Singapore-based space debris removal firm Astroscale has secured $50m in funding as part of a Series D financial round led by Innovation Network Corporation of Japan (INCJ).

The group of investors is led by INCJ, and including funds operated by SBI Investment and Mitsubishi Estate, bringing the total amount of capital investment to $102m.

Astroscale is expected to use the funds to support the development of its first debris capture demonstration mission called End of Life Services-demonstration (ELSA-d),

Due to launch in early 2020, ELSA-d will feature two spacecraft, Chaser and Target, stacked together.

During a series of demonstrations, Chaser will repeatedly release and capture Target to confirm the validity of the technology required for debris removal, including rendezvous and docking and proximity operations.

“This latest round of funding represents a strong vote of confidence in Astroscale’s mission and will allow us to accelerate our position as the global market leader in the field of debris removal.”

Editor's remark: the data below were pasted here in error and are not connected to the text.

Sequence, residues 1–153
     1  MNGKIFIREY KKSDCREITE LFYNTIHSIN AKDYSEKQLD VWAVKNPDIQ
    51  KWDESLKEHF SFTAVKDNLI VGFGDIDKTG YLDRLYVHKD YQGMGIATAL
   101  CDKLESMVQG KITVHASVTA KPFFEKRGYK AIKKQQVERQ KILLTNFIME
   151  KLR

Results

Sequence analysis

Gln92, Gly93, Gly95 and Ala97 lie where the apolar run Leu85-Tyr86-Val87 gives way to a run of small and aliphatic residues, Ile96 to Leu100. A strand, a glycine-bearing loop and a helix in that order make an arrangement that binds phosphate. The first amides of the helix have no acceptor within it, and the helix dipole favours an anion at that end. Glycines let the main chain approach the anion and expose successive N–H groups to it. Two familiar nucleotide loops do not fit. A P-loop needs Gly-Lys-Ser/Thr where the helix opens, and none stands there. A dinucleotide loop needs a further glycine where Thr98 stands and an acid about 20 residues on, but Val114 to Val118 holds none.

Around 750,000 pieces of space debris over 1cm in diameter are estimated to be floating around the Earth, posing risk to spacecraft in orbit.

The new fund is expected to allow Astroscale expand its presence across the globe, helping its plans to establish an office in the US next year.

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Astroscale founder and CEO Nobu Okada said: “The recognition of how to address the threat of space debris has changed drastically in the five years since Astroscale was founded.

“Government officials and the private sector are now ready to support debris removal as a business.

“This latest round of funding represents a strong vote of confidence in Astroscale’s mission and will allow us to accelerate our position as the global market leader in the field of debris removal.”

As well as developing technology for debris removal, Astroscale is involved in establishing global best practices and standards to support future in-orbit servicing activities.

With around 60 employees, Astroscale currently has presence in Japan, the UK and the US.